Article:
The key to this approach is still storage of the passwords. They must be kept in a secure place and never left in view of others. A lockable drawer would be an example: the paper record would be retrieved, used, and returned to the drawer. It then becomes a physical security rather than a cyber security issue. Most homes and most companies already have better physical than cyber security – so this may be no bad thing.

One remaining problem for companies would be productivity. Staff are often required to have multiple passwords for different parts of the company network. Having to retrieve each password from a drawer and enter it manually, multiplied by hundreds or even thousands of users possibly a dozen or more times every day soon becomes enormously expensive. The standard solution for companies is to use some form of single sign-on for productivity gains.

However, the research suggests that it is perfectly reasonable to store passwords in a manner suitable to the risk. So the majority of low risk passwords could still utilise SSO, while the fewer number of high risk passwords could be stored offline in locked drawers. What the research paper suggests is that user coping mechanisms need to be taken into account during password storage – and the reality is, users’ standard coping methods may not be so silly after all.


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4 thoughts on “What’s wrong with writing passwords down?

  1. Darn. I was going to blog something on that here, but you beat me to it. 🙂

    My view is not dissimilar to Kurt’s. It’s easier for a security professional to simply say ‘never share’ than to try to define exactly how to group the passworded services you use. I can certainly envisage scenarios where services may be regarded as low risk and low value but the shared password might offer a clue as to what strategy was used by the same user on a higher value service.

    As always, you can’t rely on every end user to interpret everything you say correctly, even if you express it as you intended. As you and Kurt and I always do, of course. 😉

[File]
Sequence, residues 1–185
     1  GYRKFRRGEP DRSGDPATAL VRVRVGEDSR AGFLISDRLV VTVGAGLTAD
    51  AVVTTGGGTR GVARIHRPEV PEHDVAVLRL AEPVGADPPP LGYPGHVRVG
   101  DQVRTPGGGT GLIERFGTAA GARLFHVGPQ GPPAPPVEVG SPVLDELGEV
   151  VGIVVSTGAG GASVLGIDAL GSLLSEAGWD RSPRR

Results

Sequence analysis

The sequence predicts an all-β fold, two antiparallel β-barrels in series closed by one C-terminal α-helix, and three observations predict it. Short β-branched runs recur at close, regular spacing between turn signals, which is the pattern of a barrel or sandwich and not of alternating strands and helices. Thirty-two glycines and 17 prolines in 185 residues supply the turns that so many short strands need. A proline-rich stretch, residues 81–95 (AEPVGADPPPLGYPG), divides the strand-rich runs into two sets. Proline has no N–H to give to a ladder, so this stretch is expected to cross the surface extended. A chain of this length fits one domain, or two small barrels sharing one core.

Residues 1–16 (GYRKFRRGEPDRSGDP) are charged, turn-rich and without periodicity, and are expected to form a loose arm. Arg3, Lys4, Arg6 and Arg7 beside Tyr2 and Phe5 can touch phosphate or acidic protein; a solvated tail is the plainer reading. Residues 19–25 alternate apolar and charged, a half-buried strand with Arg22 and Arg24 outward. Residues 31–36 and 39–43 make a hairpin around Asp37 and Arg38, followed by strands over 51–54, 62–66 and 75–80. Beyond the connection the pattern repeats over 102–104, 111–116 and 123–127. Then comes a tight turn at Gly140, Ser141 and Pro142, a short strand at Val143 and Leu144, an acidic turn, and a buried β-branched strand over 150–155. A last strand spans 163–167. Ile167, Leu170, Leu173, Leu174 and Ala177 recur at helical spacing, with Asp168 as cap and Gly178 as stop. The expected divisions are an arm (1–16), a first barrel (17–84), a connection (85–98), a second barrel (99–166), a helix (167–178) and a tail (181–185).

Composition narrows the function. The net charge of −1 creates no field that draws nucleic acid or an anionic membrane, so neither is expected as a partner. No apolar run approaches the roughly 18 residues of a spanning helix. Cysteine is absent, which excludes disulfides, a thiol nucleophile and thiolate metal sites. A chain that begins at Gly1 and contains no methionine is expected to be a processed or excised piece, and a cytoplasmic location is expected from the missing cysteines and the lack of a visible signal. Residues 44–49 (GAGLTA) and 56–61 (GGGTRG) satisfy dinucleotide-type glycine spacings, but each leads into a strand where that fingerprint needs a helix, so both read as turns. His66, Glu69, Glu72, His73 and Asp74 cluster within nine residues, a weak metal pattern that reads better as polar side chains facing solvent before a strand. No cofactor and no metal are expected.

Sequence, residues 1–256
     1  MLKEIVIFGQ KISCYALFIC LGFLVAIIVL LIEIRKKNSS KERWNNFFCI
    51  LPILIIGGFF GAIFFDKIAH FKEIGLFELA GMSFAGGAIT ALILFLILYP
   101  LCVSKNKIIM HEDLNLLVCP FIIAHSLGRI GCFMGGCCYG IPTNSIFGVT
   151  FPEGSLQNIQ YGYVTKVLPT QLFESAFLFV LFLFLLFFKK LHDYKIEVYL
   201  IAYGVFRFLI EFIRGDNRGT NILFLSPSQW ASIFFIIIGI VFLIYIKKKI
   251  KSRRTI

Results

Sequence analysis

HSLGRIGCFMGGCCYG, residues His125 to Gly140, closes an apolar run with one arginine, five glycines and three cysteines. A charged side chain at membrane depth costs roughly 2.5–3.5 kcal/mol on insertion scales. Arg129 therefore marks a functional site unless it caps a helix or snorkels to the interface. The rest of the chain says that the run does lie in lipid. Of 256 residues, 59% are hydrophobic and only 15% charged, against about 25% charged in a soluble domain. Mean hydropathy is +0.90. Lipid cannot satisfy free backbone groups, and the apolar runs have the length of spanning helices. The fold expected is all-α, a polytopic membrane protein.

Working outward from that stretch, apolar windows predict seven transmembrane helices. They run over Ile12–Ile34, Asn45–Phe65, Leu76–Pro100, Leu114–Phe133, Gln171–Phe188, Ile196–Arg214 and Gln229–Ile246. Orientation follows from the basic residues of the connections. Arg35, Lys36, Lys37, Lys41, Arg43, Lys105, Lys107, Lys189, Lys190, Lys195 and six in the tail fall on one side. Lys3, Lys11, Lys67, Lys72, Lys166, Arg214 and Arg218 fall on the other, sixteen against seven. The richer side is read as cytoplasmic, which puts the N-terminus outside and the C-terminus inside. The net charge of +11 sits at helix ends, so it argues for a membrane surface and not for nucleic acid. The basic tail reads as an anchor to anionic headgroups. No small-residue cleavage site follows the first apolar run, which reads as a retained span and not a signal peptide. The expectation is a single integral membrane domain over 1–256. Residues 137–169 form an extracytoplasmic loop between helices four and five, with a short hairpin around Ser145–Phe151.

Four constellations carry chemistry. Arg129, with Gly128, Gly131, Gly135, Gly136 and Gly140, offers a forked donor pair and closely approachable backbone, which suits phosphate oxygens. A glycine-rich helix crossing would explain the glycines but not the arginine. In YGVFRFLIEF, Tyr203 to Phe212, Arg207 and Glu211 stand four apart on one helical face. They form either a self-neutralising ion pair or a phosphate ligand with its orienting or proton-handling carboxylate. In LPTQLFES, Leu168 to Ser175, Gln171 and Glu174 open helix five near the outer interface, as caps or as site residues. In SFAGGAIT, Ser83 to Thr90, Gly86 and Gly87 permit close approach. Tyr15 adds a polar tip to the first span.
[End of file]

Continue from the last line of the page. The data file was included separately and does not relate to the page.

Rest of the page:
• Kevin on said:

      David & Kurt…

      Could it not be part of company password policy to differentiate risk for the user? IT/Security could then specify which parts of the network need a unique offline password together with where and how they must be stored (supported by an employment contract that makes it a disciplinary offence to leave them on show)? Home users, of course, could simply store all passwords off-line.

  2. the problem with the research is that it assumes that end users can do something which they demonstrably cannot do (at least not effectively) – and that is gauging risk. most people would have no clue how important their email account is, for example.

    without the ability to effectively gauge risk, they will not know which sites to use a unique password on and which ones are safe to reuse a password on. thus it is safer to not reuse passwords.

    password storage, in one form or another, is really the only solution to having unique passwords on the scale that is often required. the main problem with that is that, in recording the passwords, they are essentially transformed into security tokens and users may not be aware that they now need to be kept safe the way one might keep one’s credit card or house keys safe.

    it’s true that password managers are vulnerable if your system gets malware, but every account you access is potentially exposed regardless of how you protect your passwords in the event that your system gets malware. at least with a password manager protecting the passwords in other scenarios is basically taken care of for the user.